The Now and Future of Speech Interfaces
And exploration via prototypes and thought
We have been dreaming about speech as an interface for a long time. It’s not an easy problem, but we are finally close to making it a reality.
To build a product with a kickass speech interface, you need two things:
- Audio Hardware: A good microphone and speaker. This could be a device for the home, car or office. It could also be a smart headset or earplugs to be used while commuting, working out or walking the dog.
- Speech Recognition Software: A speech interface needs to understand what users are talking about. The first step is having a high quality speech to text engine. The second step is understanding intent from the resulting text. The third step involves enabling developers to build upon this platform a new world where we talk to objects. And, in a few years, cannot imagine living life without talking to objects.
Over the last couple weeks, I have explored how far along we are in this journey and what possibilities exist to make a speech interface today. I built an iPhone app using Google’s recently released Speech Recognition API, that lets users issue voice commands to remember their thoughts.
As a shortcut to intent recognition, I expect users to want to remember a book, movie/tv show or a place when they issue commands starting with read, watch or visit respectively. Given an intent, I use the respective search API from either Goodreads, Open Movie Database (OMDB), or Yelp to fetch content. For example — “watch The Big Short” will fetch the movie “The Big Short” using the OMDB API and save it locally.
Speech to Text is pretty much solved. Text to Intent is still a hard problem.
Speech to Text
Due to massive investments by Google, Amazon, Microsoft and Apple, I think this first step of having a high quality speech to text engine is pretty much solved. Alexa is able to transcribe my speech to text very well.
Google’s Speech API (while still in beta!) is VERY accurate and trained to transcribe text even in noisy environments. It expects developers to provide un-preprocessed raw audio data and gives them a lot of flexibility in how they want to use the API. For example, you can ask it to detect single or multiple statements, provide streaming audio input or upload individual files and ask it to return the end of single utterances, end of speech or the end of audio. The only time this API didn’t do well was when I was speaking with a TV show playing in the background.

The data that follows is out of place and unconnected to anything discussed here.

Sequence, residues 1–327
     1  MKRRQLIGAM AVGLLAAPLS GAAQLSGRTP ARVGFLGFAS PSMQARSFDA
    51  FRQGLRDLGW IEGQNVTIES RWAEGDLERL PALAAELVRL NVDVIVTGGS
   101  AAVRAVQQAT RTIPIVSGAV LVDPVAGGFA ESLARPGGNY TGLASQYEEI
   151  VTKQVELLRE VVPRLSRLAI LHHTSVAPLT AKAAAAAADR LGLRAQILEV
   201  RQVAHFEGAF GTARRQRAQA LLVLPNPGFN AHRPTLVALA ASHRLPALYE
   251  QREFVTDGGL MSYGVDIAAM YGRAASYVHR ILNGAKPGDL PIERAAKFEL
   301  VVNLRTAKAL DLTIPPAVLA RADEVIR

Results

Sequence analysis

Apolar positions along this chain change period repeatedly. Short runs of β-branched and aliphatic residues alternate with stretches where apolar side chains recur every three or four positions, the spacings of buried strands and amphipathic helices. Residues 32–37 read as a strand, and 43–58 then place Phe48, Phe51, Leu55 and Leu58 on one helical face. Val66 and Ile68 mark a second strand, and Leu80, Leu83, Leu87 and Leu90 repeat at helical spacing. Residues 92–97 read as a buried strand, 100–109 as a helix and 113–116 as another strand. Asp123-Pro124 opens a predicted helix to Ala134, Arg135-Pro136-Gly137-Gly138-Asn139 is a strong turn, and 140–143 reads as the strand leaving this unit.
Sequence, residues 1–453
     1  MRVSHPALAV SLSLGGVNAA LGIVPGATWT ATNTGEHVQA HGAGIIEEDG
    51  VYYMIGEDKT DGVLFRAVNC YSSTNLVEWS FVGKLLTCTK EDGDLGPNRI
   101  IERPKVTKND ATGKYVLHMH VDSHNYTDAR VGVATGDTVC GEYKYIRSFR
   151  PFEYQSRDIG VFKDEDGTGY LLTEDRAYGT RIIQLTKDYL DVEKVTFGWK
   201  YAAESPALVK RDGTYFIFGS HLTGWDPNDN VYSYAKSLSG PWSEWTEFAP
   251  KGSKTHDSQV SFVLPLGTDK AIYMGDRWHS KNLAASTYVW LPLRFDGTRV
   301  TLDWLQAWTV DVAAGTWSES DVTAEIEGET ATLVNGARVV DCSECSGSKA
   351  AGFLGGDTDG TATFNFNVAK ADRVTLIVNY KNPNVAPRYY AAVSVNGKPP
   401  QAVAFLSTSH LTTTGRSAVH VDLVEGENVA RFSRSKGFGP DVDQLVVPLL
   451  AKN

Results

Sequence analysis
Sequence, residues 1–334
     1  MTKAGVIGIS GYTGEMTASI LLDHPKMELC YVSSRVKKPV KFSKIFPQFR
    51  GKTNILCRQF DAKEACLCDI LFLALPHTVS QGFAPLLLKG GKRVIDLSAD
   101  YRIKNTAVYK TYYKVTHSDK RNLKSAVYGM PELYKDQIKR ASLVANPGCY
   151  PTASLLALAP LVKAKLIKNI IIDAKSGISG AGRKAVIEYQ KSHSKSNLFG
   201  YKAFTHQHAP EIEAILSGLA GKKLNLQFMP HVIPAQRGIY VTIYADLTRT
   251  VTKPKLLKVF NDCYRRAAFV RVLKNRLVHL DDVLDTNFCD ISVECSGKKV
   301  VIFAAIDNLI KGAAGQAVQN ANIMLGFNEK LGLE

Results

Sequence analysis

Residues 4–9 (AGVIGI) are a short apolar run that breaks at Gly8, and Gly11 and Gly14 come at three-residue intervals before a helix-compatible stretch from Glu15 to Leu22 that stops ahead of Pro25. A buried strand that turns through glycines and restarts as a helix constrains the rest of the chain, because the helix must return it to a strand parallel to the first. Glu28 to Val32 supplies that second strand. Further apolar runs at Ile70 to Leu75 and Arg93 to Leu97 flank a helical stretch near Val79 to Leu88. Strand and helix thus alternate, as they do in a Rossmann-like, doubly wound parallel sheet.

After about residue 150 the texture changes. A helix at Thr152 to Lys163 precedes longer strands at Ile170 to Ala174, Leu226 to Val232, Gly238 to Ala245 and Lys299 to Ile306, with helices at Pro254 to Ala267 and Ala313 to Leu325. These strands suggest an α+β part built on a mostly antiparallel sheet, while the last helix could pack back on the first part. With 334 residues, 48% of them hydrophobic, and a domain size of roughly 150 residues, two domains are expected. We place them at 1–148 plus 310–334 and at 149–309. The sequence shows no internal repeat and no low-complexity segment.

Text to Intent
Having achieved high speech to text accuracy, I expect a lot of investment to happen in improving intent detection from text in the near future. You can get quite far with a simple rule-based intent detection system. From the pattern of commands my Amazon Echo expects, I’m guessing Alexa uses many rules in its intent detector. Building a highly versatile machine learning solution for intent detection is going to be difficult, simply because in many cases, the same text can have very different ‘correct’ meanings.
One of the main problems that makes <text> parsing so challenging is that human languages show remarkable levels of ambiguity. It is not uncommon for moderate length sentences — say 20 or 30 words in length — to have hundreds, thousands, or even tens of thousands of possible syntactic structures. A natural language parser must somehow search through all of these alternatives, and find the most plausible structure given the context … Humans do a remarkable job of dealing with ambiguity, almost to the point where the problem is unnoticeable; the challenge is for computers to do the same.
— via Google Research Blog
There are several ongoing efforts in this area — Wit.ai and Api.ai let you train Natural Language Processing (NLP) models based on your rules and training data. Ex-Siri founders are working on a new company called Viv that looks like a much more context-aware version of Siri. Google has been launching new NLP APIs and Open Source initiatives over the past few months.
The Future Of Speech Interfaces
A new interface modality is a massive driver in creating new experiences or significantly improving upon existing clunky-yet-functional experiences. This enables new usecases to appear that otherwise would have been too hard. Example — direct manipulation afforded by touch screens in smartphones made several existing experiences like Communication, Maps, Self Expression much easier and more useful. On the other hand, it led to several new experiences like the musical instrument app Ocarina by Smule.
Similarly, adoption of speech interfaces could lead to improved experiences of two kinds:
- A speech interface for existing apps: All existing apps could add a speech interface that accepts quick commands. A music app could play a song, a shopping app could buy things that come to mind or a communication app could send a friend a message on your behalf while you are cooking dinner. In fact, many quick tasks that I need to take my phone out of my pocket, fiddle with a passcode screen and eventually use the app can be easily achieved by a speech interface for that app. This would help people be more present and less distracted.
- Unlock new experiences: Speech is a great interface to issue commands to a computer while doing other things. Speech could be a fantastic interface in an immersive virtual reality environment. Speech interfaces could also help us cross language barriers in work and during travel. Speech could also help us formulate complex search queries much better than typing, hence make it easier to retrieve information.
A speech interface needs to be quick, non-interruptive and accurate. A fire-and-forget experience where it lets users issue complex commands, guesses the right intent and executes the command all within milliseconds.
It is an exciting future and I can’t wait to live in it.